I would like to pin it to my company's noticeboard.

I'll give an example scenario... at work today a colleague encountered a problem, and solved it quickly, but needed their manager to speak with a different team's manager to help avoid the problem in the future. However, rather than my colleague's manager quickly speaking with the appropriate team manager, he had a 30+ minute discussion with a different manager about the problem, which yielded no useful results.

I'd love a word or phrase, something to "brand" this type of scenario, so that I can politely and humorously warn people about the dangers of wasting time by unnecessarily chewing over simple problems that could be solved easily.

I thought about words like 'fusspot' (worrier, stickler, an anal person) but it's more the act that I want to describe. So I thought about 'time-wasting' but that's far too general. Thanks for any suggestions!

  • Hello, David. You need to flesh this out a little. For example, if you are looking for a single word then you need to add a sample sentence indicating where the word should go...and you need to show some research. Right now it is unclear and over broad. Commented Jul 25, 2018 at 21:46
  • 1
    Thanks for your advice, Cascabel, I've fleshed it out a bit now.
    – David
    Commented Jul 25, 2018 at 22:03
  • I added some tags, but did not put the SWR tag: it would only create problems --unless you have a clear sentence with the position of the SW indicated. In other words, you need to narrow it down according to the part of speech it plays. Commented Jul 25, 2018 at 23:31
  • I've always just referred to this as a "management meeting".
    – Hot Licks
    Commented Jul 26, 2018 at 0:20
  • Prevaricate as a verb, prevarication as a noun would seem to fit your scenario here. Commented Jul 26, 2018 at 4:26

5 Answers 5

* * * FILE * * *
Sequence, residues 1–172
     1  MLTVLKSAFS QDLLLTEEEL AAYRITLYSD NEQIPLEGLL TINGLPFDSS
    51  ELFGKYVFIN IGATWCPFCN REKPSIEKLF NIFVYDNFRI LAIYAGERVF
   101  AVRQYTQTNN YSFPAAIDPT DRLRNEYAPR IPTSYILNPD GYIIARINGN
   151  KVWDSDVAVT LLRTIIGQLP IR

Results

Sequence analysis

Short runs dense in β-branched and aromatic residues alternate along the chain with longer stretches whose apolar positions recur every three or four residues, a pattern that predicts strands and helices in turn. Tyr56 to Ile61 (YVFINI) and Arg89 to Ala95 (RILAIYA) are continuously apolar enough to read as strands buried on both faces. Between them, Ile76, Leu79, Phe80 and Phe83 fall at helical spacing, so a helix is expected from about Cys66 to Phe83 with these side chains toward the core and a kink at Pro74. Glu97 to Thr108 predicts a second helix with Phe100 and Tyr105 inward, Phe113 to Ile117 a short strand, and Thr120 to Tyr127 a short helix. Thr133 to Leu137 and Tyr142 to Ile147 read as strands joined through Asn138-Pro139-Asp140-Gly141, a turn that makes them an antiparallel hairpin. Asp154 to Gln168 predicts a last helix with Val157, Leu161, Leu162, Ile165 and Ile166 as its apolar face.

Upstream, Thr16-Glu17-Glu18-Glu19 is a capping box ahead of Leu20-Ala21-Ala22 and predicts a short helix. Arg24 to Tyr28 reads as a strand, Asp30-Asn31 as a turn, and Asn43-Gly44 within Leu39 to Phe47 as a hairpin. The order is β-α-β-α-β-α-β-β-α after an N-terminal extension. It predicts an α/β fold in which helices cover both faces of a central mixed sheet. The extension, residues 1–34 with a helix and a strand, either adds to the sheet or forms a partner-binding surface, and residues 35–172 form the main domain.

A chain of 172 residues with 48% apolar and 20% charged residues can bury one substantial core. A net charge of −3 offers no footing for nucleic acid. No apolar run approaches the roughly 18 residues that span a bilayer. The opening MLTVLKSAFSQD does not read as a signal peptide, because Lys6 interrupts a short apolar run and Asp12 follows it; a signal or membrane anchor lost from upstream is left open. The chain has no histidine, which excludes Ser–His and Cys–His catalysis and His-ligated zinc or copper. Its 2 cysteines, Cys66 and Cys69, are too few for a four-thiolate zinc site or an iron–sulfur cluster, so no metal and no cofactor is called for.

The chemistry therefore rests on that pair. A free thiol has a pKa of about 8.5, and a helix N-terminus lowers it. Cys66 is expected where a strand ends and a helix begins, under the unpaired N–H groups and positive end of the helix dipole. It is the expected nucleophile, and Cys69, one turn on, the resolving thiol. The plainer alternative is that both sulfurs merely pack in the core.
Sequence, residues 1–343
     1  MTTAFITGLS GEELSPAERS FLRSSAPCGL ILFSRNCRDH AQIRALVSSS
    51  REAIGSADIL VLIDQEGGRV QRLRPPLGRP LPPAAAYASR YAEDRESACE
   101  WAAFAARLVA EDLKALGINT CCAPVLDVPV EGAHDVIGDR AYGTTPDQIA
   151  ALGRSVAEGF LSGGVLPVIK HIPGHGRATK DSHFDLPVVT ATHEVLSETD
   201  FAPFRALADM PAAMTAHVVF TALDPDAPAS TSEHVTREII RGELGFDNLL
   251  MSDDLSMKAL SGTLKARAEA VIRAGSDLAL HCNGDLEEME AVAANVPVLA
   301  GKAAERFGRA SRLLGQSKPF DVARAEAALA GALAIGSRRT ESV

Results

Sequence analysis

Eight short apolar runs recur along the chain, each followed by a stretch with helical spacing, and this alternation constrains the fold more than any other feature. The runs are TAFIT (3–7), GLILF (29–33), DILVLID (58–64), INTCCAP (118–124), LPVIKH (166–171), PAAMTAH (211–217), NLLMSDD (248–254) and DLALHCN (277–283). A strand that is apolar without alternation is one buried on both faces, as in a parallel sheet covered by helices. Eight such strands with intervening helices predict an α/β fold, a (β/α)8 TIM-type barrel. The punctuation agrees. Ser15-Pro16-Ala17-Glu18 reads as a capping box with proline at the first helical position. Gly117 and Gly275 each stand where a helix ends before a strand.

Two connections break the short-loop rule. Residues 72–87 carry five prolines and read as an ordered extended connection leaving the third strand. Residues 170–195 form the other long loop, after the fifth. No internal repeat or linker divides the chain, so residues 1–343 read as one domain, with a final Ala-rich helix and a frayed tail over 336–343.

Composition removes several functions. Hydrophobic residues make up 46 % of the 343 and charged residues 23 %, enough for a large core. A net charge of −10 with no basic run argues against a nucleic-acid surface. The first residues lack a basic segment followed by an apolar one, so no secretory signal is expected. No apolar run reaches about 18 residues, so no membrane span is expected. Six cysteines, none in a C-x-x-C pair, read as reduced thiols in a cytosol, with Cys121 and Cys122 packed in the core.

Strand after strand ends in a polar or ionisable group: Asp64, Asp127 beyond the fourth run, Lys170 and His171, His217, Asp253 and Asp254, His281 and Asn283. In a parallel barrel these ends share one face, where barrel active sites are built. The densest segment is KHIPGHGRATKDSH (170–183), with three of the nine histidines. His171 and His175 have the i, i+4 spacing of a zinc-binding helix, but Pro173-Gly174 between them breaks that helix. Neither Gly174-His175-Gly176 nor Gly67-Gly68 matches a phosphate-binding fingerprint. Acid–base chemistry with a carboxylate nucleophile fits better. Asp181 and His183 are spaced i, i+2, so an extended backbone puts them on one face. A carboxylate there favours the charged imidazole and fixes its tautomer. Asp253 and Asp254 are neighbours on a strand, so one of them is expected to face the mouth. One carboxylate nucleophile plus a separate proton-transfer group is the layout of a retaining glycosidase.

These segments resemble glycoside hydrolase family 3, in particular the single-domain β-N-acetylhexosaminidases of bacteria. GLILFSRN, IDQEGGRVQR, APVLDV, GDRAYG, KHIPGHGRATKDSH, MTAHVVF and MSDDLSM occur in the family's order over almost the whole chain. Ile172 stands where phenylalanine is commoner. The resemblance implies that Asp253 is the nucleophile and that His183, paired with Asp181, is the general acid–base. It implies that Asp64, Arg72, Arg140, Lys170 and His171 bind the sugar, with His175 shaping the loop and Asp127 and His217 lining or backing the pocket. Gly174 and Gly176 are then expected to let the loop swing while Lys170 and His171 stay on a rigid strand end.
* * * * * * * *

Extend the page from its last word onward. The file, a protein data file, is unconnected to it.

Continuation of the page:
to put off intentionally the doing of something that should be done

Or bike-shedding:

Parkinson provides the example of a fictional committee whose job was to approve the plans for a nuclear power plant spending the majority of its time on discussions about relatively minor but easy-to-grasp issues, such as what materials to use for the staff bike shed, while neglecting the proposed design of the plant itself, which is far more important and a far more difficult and complex task.


If the person failed to act because the discussion was just taking up time, to shilly-shally or dither might be useful.

In other words, the person was wasting time by being indecisive.

Cambridge Dictionary (for both terms):

Stop dithering and choose which one you want!

shilly-shally - to spend too much time doing something or making a decision because you do not know what is the right thing to do"

Stop shilly-shallying and make a decision now!

Colloquially, we say: Stop screwing around.

  • Looking up dither (I was curious if it was a BrE-only word) led me to vacillate which is also a good option.
    – user184130
    Commented Jul 26, 2018 at 15:53
  • You had never heard it in AmE?? Yes, vacillate. And somewhat related and over the top is: tergiversate.
    – Lambie
    Commented Jul 26, 2018 at 16:00
  • I had only heard it in a technical sense (eg a software method for adding noise to smooth out transitions)
    – user184130
    Commented Aug 2, 2018 at 20:07

beat (about/around) the bush TFD

To speak vaguely or euphemistically so as to avoid talking directly about an unpleasant or sensitive topic.


Consider filibuster. It comes from a parliamentary setting, but can easily be pressed into service for ‘management’ meetings.

A filibuster is a political procedure where one or more members of parliament or congress debate over a proposed piece of legislation so as to delay or entirely prevent a decision being made on the proposal. It is sometimes referred to as "talking a bill to death" or "talking out a bill" and is characterized as a form of obstruction in a legislature or other decision-making body. - Wikipedia


Conversational narcissism

This phrase addresses the tendency to shift the conversation away from the intended goal or target, and focus on topics that benefit oneself. The manager in your example could be exhibiting Conversational narcissism by speaking with people that are unnecessary to solving the problem.

Another way to think about it is


The act of deliberation is to discuss a matter at great length. That that length can imply 'care', the major concept is the slow speed at which the conversation moves. In government (like parliament), "deliberation" can imply a tactic, intentional or not, meaningful action.

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